At your hearing, you may be represented by an attorney or, with the Administrative Law Judge’s approval, any other person you choose. You may or may not testify. It will not be held against you if you choose not to. The officer will testify first. It is the officer’s burden to prove your guilt by clear and convincing evidence. The “clear and convincing evidence” standard is not as stringent as the “proof beyond a reasonable doubt” standard applicable to traffic infractions handled in criminal courts.
Therefore, those charged with traffic infractions within New York City may be found guilty on a lesser burden of proof at a TVB hearing than those charged with the same exact offense in a criminal court. This unequal treatment has withstood equal protection challenges. The judge may ask the officer questions; however, he or she may not ask leading questions regarding material elements. After the officer testifies, you may, if you choose, testify on your own behalf and call witnesses.
If you testify, the judge and the officer may ask you questions. They may also ask your witnesses questions. Both the officer and you may introduce documentary evidence. Both you and the officer may make a closing statement. After the hearing, the Administrative Law Judge will render a decision. The judge need not make any factual determination; he or she may simply find you guilty or not guilty.Rules of Evidence at the Hearing
The general rules of evidence that would be applicable in a criminal court do not apply to TVB hearings. Also, unlike traffic violation hearings handled by local criminal courts, at a TVB hearing, the New York Criminal Procedure Law is not applicable. There are, however, some rules of evidence applicable to TVB hearings. For example, privileged communications cannot be used at a TVB hearing. Some of the more common privileged communications that cannot be used against you include:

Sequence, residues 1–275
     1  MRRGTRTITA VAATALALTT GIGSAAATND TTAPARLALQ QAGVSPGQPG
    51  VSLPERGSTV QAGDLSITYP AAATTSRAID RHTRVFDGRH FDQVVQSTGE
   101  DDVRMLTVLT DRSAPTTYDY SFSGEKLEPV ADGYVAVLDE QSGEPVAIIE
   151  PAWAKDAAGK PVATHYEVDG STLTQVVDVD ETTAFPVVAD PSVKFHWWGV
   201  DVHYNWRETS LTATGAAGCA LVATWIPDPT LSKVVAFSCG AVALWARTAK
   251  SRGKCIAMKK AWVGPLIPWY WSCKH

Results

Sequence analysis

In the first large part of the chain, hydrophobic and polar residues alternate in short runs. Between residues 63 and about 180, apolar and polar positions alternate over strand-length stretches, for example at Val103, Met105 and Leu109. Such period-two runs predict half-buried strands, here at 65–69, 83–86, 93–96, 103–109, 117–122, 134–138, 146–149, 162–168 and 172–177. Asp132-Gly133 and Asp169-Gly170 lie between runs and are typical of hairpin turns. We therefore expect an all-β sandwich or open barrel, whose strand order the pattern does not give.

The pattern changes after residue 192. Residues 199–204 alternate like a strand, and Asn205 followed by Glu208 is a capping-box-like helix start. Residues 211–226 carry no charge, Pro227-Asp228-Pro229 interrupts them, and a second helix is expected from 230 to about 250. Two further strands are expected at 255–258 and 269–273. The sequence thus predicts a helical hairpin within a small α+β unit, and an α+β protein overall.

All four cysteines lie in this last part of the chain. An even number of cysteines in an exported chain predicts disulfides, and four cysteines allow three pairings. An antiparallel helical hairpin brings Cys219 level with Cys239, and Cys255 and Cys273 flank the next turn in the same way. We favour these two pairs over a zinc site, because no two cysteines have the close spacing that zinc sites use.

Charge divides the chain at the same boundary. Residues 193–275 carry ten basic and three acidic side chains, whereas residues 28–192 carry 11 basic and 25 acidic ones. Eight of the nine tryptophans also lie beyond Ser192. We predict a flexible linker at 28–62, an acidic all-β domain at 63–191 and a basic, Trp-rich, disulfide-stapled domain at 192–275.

“spousal privilege” which provides that one may not be forced to testify against his or her spouse regarding communications made during marriage unless the other spouse consents;
“attorney-client privilege” provides that generally, communications between you and your attorney are confidential;
“patient-doctor privilege” prohibits your doctor from disclosing any information he or she obtained while treating you provided the information was necessary for your doctor to treat you. The privilege extends to many other medical professionals;
“clergy privilege” which prohibits your clergyman or a minister of any other religion from revealing confessions or confidential communications you make to him or her; and the
“psychologist-patient privilege” and “social worker-patient privilege” which are both similar to the “doctor-patient privilege.”
Although not a privileged communication, it can be argued that any evidence obtained in violation of the eavesdropping statute (PL 250.05) is not admissible. There are many exceptions to the above privileges. If you have questions and believe one applies to your case, contact our firm. Furthermore, evidence which would be inadmissible for constitutional reasons if the case were tried in a court with concurrent jurisdiction over the case is also not admissible in a TVB hearing.
This situation might arise if you are charged with both a traffic violation and a traffic misdemeanor. If the issuing officer makes a speeding ticket returnable to TVB but for some reason decides to make a reckless driving ticket returnable to the criminal court, the criminal court would have jurisdiction over the speeding ticket. Similarly, evidence of prior misconduct, incompetency or illness is excluded from a TVB hearing, unless it would be admissible in a court with concurrent jurisdiction.If the Judge Finds You Guilty
If the Administrative Law Judge finds you guilty by clear and convincing evidence, he or she will then examine your driving record. You may explain any conviction the judge is considering when determining your penalty. You may also make a statement prior to the imposition of the penalty. The judge will then announce the penalty, which typically includes a fine and a license sanction (suspension/revocation).Why You Need an Experienced White Plains Lawyer
The TVB is a very difficult place for motorists to appear without an attorney. Should you receive a ticket in New York, it is best that you have an attorney experienced with traffic tickets and the TVB system represent you. You should know that even the most experienced attorneys have difficulty winning dismissals in TVB. There is no plea bargaining and, in reality, the standard of proof is fairly low.
Please contact us to discuss your particular ticket or with any other questions.